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El Filibusterismo/ The Submersive (Original Spanish Version)

Dr. Jose P. Rizal

Jose Rizal, being the contemporary of Tagore, Sun-Yat-sen, and Gandhi (the Four Great Asians, is among those who awaken the spirit of nationalism in asia. Through his first novel, Noli Me Tangere, he had deeply awaken to the spirit of nationalism in his country.

It is thus was henced considered as the very first political novel in asia that shows resistant to the western powers.

The following is a novel written in Spanish Language, the language which Rizal originaly used in his novel which arises the spirit of Nationalism to the Filipinos.

However, Even if the novel, itself, was written from Rizal's time... the attitudes, characters, personalities, and the thinkings of the People being portrayed there still reflects the People of this modern age.

The following is another political novel that serves as a sequel to Rizal's Noli Me tangere:
El Filibusterismo (Original Spanish Version)

El Filibusterismo (Summary)*

After thirteen years of being away from the Philippines, Crisóstomo Ibarra returns under the guise as Simoun, a rich jeweler sporting a beard and blue-tinted glasses, and a confidant of the Captain-General. Abandoning his idealism, he becomes a cynical saboteur, the titular filibustero, seeking revenge against the system responsible for his misfortunes by plotting a revolution. Simoun insinuates himself into Manila high society and influences every decision of the Captain-General to mismanage the country’s affairs so that a revolution will break out. He cynically sides with the upper classes, encouraging them to commit abuses against the masses so that the latter would be encouraged to revolt against the oppressive Spanish colonial regime. This time, he does not attempt to fight the authorities through legal means, but through violent revolution using the masses. Simoun has reasons for instigating a revolution. First is to rescue María Clara from the convent and second, to get rid of ills and evils of Philippine society. His true identity is discovered by a now grown-up Basilio while visiting the grave of his mother, Sisa, as Simoun was digging near the grave site for his buried treasures. Simoun spares Basilio’s life and asks him to join in his planned revolution against the government, egging him on by bringing up the tragic misfortunes of the latter's family. Basilio declines the offer as he still hopes that the country’s condition will improve.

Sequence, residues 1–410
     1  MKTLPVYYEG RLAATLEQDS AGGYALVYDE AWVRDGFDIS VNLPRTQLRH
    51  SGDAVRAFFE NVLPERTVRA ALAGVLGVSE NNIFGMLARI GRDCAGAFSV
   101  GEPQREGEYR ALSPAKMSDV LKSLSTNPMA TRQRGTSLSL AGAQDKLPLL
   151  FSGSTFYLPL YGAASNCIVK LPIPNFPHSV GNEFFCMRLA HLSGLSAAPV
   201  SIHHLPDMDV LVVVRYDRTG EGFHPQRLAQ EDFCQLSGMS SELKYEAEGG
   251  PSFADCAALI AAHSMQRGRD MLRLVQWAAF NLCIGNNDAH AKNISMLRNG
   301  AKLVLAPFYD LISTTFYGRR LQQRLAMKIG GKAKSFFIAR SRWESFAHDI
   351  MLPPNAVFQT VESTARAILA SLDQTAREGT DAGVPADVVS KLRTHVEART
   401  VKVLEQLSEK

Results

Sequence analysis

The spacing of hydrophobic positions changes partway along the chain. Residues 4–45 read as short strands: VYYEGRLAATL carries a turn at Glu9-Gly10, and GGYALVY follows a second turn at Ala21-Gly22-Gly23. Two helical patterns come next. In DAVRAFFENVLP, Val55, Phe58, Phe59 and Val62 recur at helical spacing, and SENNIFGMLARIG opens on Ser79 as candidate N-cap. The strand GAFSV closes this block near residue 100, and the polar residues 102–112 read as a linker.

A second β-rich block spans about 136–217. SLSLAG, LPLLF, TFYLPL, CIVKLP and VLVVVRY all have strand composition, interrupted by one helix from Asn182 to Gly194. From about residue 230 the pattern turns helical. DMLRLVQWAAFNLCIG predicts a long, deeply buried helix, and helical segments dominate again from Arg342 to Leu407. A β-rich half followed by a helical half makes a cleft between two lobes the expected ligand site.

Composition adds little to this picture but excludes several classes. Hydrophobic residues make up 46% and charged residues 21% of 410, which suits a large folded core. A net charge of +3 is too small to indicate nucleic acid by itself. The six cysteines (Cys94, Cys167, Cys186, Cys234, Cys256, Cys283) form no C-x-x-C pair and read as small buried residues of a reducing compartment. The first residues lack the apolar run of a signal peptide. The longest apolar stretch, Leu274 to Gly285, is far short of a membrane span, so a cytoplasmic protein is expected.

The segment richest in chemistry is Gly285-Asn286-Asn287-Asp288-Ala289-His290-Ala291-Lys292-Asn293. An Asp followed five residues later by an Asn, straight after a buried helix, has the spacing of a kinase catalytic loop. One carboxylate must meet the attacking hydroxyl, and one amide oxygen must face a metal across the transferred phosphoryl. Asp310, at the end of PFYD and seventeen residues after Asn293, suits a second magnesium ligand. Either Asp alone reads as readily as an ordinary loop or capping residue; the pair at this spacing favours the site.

Basilio, at this point, is a graduating student of medicine at the Ateneo Municipal de Manila. After the death of his mother, Sisa, and the disappearance of his younger brother, Crispín, Basilio heeded the advice of the dying boatman, Elías, and traveled to Manila to study. Basilio was adopted by Captain Tiago after María Clara entered the convent. With Captain Tiago’s help, Basilio was able to go to Colegio de San Juan de Letrán where, at first, he is frowned upon by his peers and teachers not only because of the color of his skin but also because of his shabby appearance which he also experience at Ateneo. Captain Tiago’s confessor, Father Irene is making Captain Tiago’s health worse by giving him opium even as Basilio tries hard to prevent Captain Tiago from smoking it. He and other students want to establish a Spanish language academy so that they can learn to speak and write Spanish despite the opposition from the Dominican friars of the Universidad de Santo Tomás. With the help of a reluctant Father Irene as their mediator and Don Custodio’s decision, the academy is established; however they will only serve as caretakers of the school not as the teachers. Dejected and defeated, they hold a mock celebration at a pancitería while a spy for the friars witnesses the proceedings.